Regarding to PLP holoenzymes, the simple reproduction of this technique seems to be problematic since the risk of losing the coenzyme-binding region during the immunization, and also the natural limitations for coenzyme molecule replication. In the case of PLP apoenzymes, the absence of coenzyme forming an active site may negatively affect on the reflection of complex topology and dynamics of the active site.

However, the antiidiotypical approach appears to be rather promising when the analog of coenzyme-substrate compound is used as a hapten. If the initial antigen is an apoenzyme complex with an analog (Fig. 4, structure E-Z), then the antigen for the subsequent immunization is a complex of analog with an antibody produced after the first immunization (Fig. 4, structure A-Z), which will lead to antiidiotypic antibody (Fig. 4, structure Aa) with mimic of the main characteristics and catalytic groups of the original apoenzyme active site. It can be anticipated that in the case of apo-transaminase the abzyme with PLP as a coenzyme will catalyze the Halpha-atom exchange and the transamination reaction in a similar way as aspartate-aminotransferase.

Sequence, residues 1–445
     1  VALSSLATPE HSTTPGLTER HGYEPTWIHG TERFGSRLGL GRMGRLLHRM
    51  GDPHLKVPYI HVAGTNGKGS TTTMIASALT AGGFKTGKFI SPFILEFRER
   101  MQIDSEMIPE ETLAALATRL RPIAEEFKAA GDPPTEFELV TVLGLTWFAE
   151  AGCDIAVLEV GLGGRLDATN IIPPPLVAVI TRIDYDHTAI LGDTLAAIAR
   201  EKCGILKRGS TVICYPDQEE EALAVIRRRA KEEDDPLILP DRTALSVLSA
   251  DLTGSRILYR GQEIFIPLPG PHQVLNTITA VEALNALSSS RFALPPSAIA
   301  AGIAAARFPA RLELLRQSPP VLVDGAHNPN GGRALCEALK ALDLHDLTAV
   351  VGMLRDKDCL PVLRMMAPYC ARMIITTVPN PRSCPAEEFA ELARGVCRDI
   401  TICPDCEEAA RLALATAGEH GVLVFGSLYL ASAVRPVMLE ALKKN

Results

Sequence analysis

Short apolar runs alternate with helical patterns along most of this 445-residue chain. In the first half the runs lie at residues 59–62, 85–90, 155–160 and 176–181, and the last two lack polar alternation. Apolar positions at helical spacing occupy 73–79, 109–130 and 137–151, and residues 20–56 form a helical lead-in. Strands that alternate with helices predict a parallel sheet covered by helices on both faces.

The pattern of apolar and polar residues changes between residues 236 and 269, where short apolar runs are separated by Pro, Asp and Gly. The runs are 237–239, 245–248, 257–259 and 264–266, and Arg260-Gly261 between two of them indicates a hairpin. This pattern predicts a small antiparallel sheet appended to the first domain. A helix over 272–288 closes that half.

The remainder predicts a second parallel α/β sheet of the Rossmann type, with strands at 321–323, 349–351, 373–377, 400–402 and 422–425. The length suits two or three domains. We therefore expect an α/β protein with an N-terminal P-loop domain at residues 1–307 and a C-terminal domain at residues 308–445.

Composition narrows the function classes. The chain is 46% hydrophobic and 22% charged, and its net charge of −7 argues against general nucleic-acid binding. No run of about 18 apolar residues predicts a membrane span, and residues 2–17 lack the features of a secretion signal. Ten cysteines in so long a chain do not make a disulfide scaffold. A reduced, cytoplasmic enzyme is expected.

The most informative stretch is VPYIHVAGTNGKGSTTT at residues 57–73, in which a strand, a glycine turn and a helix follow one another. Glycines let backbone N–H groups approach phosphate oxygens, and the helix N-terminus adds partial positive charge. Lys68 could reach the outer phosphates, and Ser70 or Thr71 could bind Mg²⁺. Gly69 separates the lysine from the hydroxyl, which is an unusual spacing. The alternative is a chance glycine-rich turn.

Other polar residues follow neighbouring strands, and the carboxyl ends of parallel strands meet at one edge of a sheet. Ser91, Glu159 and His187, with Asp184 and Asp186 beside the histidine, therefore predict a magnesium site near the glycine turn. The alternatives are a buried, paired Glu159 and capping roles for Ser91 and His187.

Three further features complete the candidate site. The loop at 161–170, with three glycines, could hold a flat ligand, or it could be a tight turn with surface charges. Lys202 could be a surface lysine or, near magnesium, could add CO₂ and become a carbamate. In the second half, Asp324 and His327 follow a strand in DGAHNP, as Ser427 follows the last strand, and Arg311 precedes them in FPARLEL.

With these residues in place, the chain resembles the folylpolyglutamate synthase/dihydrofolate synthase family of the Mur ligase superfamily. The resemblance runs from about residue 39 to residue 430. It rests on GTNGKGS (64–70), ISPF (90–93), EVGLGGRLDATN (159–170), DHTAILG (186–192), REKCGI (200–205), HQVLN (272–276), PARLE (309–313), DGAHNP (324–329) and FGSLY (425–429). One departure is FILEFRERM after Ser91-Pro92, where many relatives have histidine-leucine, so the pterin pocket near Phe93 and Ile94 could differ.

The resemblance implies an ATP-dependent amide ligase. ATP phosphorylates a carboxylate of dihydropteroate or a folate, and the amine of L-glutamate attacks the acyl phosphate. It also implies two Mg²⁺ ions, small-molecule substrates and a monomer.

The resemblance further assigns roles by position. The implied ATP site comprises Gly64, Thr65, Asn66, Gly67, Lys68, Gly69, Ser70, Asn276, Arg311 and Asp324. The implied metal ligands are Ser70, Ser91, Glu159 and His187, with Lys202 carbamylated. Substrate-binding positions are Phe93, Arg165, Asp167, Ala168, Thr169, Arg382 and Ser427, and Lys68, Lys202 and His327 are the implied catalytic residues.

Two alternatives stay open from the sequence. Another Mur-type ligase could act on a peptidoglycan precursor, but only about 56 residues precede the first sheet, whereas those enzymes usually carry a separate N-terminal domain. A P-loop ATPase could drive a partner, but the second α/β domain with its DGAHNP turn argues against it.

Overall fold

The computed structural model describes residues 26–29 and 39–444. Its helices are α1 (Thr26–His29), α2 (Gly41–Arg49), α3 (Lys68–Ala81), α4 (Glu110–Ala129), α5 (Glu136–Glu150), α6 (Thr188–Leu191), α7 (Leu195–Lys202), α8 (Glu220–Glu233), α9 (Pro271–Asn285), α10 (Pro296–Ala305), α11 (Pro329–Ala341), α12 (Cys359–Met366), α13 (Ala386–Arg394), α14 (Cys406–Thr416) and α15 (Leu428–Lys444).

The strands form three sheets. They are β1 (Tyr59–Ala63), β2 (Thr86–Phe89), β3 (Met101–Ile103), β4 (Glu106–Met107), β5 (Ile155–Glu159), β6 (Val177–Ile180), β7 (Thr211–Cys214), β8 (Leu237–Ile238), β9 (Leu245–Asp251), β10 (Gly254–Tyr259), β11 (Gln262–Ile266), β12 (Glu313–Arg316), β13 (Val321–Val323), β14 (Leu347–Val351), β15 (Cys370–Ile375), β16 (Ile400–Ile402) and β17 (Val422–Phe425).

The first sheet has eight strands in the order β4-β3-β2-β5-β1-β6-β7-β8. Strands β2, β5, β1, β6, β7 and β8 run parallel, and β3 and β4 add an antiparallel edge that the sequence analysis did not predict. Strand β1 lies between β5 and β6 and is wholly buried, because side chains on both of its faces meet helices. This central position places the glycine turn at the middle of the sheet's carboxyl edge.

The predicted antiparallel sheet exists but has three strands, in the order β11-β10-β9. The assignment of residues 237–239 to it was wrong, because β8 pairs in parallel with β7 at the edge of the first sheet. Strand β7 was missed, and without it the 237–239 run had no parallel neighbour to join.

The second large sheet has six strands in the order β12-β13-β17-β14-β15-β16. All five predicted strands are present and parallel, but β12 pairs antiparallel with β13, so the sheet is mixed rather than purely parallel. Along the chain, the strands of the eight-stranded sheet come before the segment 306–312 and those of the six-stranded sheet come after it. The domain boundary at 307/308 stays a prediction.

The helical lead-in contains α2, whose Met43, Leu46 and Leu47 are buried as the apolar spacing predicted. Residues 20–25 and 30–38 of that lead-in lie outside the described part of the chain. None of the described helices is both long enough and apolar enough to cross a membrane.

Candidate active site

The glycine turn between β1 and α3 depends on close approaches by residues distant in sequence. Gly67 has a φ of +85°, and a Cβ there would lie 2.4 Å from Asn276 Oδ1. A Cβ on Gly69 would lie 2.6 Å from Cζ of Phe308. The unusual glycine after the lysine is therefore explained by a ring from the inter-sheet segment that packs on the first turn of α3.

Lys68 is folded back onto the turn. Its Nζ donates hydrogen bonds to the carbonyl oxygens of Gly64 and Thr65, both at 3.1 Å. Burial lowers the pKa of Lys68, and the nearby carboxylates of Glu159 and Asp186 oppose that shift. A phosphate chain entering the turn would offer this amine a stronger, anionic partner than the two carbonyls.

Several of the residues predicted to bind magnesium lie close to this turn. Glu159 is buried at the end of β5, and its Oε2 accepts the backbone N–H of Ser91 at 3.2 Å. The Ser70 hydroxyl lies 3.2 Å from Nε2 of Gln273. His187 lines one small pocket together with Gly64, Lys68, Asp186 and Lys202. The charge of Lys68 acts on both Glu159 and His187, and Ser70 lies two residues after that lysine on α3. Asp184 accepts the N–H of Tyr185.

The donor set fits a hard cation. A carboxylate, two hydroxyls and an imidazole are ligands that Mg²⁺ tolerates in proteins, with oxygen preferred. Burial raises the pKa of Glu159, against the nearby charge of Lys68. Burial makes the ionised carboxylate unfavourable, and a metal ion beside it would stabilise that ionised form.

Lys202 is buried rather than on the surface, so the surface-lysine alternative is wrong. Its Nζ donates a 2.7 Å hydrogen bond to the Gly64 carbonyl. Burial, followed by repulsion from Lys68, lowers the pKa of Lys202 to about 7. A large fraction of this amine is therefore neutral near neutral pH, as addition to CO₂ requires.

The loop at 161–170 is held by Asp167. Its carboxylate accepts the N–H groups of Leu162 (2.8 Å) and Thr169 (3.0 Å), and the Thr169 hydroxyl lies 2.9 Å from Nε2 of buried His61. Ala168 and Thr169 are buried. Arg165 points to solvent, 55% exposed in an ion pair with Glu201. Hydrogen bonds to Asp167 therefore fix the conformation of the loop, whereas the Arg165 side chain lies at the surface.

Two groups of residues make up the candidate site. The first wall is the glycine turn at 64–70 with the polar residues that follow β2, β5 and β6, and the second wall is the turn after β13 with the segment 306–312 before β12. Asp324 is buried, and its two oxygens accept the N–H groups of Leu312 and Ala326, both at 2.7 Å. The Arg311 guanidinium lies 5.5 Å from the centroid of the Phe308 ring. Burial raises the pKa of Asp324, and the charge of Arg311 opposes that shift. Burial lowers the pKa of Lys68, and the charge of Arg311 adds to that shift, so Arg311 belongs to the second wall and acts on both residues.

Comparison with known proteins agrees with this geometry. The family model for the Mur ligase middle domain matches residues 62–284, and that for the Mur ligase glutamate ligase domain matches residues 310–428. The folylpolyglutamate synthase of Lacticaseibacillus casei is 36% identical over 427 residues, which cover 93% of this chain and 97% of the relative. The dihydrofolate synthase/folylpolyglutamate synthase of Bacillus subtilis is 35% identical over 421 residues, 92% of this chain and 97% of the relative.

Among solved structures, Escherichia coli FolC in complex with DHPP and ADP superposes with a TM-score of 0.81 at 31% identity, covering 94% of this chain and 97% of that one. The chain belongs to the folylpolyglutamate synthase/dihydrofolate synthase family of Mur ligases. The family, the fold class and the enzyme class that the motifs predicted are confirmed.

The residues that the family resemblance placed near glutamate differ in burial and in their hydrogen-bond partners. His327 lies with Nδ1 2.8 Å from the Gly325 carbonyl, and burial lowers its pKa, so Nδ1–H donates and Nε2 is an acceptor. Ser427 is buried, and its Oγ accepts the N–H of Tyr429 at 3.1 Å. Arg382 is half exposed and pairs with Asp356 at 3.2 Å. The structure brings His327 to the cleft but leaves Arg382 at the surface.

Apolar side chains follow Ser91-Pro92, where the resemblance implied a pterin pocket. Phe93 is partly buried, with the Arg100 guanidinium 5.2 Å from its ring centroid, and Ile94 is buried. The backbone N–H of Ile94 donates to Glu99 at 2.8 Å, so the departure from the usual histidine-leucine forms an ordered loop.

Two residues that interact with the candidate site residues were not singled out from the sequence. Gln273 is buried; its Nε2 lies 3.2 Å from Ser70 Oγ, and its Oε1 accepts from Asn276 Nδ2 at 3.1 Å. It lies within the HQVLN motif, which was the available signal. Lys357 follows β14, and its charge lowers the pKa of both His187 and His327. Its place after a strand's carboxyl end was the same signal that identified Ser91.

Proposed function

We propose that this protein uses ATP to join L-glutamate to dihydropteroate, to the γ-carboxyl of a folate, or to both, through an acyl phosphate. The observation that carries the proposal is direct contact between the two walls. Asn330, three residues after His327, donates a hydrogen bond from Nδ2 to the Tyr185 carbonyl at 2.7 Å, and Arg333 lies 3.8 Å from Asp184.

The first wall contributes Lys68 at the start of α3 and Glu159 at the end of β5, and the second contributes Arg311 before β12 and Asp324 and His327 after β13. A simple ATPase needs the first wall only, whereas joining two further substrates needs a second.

The interesting possibility is the application of holoenzymes themselves as antigens using this technique (Fig. 4, structure Z, coenzyme). The obtained antibody in a complex with coenzyme will act as antigen for the subsequent immunization with a coenzyme-dependent antiidiotypic antibody as a result. Perhaps similar processes take place under natural conditions, which implies the possibility of emergence of coenzyme-dependent abzymes in autoimmune pathologies.

This approach can be applied similarly, for instance, for acetylcholine esterase. This means that not the enzyme itself acts as an antigen for the first immunization step, but its complex with an inhibitor, the analog of the transition state of the same reaction. The antigen for the second immunization step is the complex of the formed antibody with the same inhibitor (Fig. 4, structure Z, inhibitor). This scheme anticipates that the inhibitor becomes an important additional property of an active site, stabilizing the catalytically competent state of the latter.

The work was financially supported by the Russian Foundation for Basic Research (grants No. 00-15-978844 and 00-04-48242).